The other day, I was reading my new issue of XXL with Jay-Z on the cover when I got to thinking about cracka-ass crackas who call their black friends nigga. This seems to be becoming more and more commonplace in the world of hip-hop. I wonder if that’s a problem or not.
Towards the end of magazine, sandwiched between ads for glow in the dark, Juggalo-looking gold fronts, and mail-order ghetto pr0n videos (Bootyville looks tempting), there’s an interview with Ghostface Killah’s tour DJ J-Love, a big Cal from Sanford and Son-looking cracka-ass cracka. I’ve seen Ghostface live twice in the past few months, and even the second time I was like, who’s that big Cal from Sanford and Son-looking cracka-ass cracka. Oh wait, that’s J-Love.
Apparently, in addition to White Castles, J-Love has a penchant for tossing n-bombs. But he doesn’t see it as an issue. As the man himself put it, “I ain’t got a racist bone in my body. I’m color blind. I don’t have no hate in my heart, that’s why I say what I say. Other people may see people a certain way and not feel comfortable, but I grew up on the streets. And that’s the way I grew up talking.” Which makes me wonder if J-Love calls Ghostface “nigga.” Maybe they’re cool like that.
And what about Ghostface’s FBI informant tour manager Mike Caruso. I wonder if he’s all like, Wake up nigga, we gotta show to do! Which would be weird for me not only because he’s white, but because he’s essentially Ghostface’s boss. If Natalie Portman wanted to call me a nigga during sex, I might find it bothersome, but of course I’d be willing to let it slide. But if my boss at the BGM started calling me that, I’d beat that cracka-ass cracka like he owed me money.
So obviously there’s a bit of a gray area.
Back when I started blogging a few years ago, I’d use the n-word every now and again just because I found it a convenient way to refer to black people. After a while though, I began to replace it with the term jig, not so much because I found the n-word offensive, but because the word jig suggests a continuity between the minstrel show era of black entertainment and today, which I find appropriate. The term nigga had almost gotten a bit too empowering.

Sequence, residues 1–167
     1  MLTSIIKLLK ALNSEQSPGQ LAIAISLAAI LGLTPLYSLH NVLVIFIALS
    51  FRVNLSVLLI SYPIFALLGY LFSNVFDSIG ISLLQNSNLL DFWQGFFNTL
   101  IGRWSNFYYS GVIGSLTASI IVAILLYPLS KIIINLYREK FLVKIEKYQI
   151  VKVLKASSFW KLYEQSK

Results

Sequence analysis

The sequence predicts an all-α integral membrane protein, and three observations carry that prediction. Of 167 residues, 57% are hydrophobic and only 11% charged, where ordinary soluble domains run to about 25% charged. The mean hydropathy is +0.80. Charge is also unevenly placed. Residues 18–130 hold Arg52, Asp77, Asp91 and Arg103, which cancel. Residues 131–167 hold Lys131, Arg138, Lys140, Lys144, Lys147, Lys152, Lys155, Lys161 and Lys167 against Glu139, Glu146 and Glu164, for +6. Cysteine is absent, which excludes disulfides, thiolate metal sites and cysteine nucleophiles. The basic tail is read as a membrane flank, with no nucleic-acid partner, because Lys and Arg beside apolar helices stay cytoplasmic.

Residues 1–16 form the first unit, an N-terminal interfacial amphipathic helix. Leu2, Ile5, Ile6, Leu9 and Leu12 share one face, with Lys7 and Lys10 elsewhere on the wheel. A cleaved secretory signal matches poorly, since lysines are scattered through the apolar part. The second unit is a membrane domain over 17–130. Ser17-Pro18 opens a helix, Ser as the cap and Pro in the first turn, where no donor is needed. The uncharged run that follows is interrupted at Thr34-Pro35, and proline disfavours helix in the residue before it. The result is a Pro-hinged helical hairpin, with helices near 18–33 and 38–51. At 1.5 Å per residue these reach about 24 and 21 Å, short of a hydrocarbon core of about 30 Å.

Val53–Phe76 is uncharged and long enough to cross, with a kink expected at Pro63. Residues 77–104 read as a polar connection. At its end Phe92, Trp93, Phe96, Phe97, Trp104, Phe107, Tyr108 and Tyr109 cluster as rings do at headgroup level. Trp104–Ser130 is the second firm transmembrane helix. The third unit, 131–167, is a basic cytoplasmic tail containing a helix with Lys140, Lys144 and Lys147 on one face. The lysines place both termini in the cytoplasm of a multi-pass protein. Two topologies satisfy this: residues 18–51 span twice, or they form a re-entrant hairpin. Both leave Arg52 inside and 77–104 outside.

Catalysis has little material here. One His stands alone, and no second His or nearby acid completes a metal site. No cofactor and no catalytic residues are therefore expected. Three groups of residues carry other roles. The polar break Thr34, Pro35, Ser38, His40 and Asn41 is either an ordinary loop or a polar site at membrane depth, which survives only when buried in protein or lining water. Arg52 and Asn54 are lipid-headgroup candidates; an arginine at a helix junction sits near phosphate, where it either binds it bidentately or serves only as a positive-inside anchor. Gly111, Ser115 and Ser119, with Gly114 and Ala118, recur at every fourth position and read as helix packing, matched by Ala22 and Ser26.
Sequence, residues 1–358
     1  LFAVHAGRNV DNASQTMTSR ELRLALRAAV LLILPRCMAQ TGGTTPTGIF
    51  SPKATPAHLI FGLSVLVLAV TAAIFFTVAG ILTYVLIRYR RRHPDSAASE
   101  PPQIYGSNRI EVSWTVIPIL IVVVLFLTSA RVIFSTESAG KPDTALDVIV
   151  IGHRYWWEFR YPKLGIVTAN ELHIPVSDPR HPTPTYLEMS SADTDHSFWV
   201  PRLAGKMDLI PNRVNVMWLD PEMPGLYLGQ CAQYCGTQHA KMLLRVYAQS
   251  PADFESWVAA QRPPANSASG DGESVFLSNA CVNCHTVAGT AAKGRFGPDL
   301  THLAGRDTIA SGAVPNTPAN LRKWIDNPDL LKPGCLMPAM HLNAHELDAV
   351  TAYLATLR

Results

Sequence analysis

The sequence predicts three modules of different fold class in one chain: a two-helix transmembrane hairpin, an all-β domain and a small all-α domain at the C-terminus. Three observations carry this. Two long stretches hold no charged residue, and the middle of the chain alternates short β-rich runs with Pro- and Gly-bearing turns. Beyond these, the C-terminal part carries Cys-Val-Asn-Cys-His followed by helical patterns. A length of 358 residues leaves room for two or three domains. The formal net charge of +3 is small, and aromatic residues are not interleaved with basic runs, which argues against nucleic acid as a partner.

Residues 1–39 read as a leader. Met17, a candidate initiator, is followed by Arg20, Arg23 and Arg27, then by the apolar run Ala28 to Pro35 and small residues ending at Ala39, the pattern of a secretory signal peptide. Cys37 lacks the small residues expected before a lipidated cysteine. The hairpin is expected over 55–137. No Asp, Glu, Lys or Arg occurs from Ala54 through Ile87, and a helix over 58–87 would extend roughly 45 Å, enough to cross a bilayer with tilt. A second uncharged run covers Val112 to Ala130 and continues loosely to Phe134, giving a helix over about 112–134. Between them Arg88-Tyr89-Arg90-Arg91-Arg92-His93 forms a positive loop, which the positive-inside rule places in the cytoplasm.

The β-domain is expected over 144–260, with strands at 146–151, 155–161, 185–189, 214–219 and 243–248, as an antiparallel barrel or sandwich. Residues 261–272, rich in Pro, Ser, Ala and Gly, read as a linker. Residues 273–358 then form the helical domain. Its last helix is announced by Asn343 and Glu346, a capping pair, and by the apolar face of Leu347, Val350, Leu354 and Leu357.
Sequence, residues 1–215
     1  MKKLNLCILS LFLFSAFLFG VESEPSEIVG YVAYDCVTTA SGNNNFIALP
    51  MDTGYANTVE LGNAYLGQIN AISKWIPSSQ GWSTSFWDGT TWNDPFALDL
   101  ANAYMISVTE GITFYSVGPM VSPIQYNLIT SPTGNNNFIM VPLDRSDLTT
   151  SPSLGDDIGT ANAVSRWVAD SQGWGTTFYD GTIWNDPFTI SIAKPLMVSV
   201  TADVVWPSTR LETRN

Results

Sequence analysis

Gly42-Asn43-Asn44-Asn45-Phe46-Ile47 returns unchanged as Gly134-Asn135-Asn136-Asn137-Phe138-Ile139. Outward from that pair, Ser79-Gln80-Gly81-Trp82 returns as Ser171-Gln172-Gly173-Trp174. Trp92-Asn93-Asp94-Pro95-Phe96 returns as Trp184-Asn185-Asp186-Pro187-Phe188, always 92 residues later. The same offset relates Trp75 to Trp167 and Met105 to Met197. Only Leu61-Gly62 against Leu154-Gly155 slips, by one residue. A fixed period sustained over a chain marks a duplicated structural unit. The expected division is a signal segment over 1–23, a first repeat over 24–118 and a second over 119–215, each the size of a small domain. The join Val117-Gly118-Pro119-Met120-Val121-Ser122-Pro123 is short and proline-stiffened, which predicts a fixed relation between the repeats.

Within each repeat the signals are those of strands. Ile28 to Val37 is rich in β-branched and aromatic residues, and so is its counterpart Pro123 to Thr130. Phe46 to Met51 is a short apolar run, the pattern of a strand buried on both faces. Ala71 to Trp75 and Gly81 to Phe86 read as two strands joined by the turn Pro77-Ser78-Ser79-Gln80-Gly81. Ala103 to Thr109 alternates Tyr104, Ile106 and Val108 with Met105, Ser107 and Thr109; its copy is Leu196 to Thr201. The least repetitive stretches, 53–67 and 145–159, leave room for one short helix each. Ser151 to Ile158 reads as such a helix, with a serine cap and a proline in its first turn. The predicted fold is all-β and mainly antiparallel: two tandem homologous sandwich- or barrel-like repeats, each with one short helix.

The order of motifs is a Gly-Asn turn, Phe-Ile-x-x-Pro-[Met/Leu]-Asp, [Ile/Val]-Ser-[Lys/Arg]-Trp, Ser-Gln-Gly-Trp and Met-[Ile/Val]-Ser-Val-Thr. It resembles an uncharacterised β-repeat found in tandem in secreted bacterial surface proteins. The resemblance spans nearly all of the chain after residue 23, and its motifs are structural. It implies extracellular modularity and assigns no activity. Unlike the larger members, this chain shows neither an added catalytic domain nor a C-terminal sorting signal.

Of course it’s different for people who aren’t black and write regularly about hip-hop. For example, I noticed the other day that when quoting song lyrics, the Village Voice’s Tom Breihan has begun substituting the term ninja for the n-word. I wonder if this was in response to XXL’s own kris ex accusing him of purposely going out of his way to quote lyrics that include the n-word – a claim which, admittedly, I found rather specious at the time. But who knows.
I’m sure it’s weird for white kids who live hip-hop as much as any black person to not be able to use such a common bit of language, especially when black kids are still throwing it around like it’s going out of style. I communicate almost entirely in offensive humor and even I’d find it weird if I had some cracka-ass cracka calling me nigga as if he was, um, my grandmother. From what I understand though, younger kids and people from “the streets” might not see it that way.
What do you ‘bags think?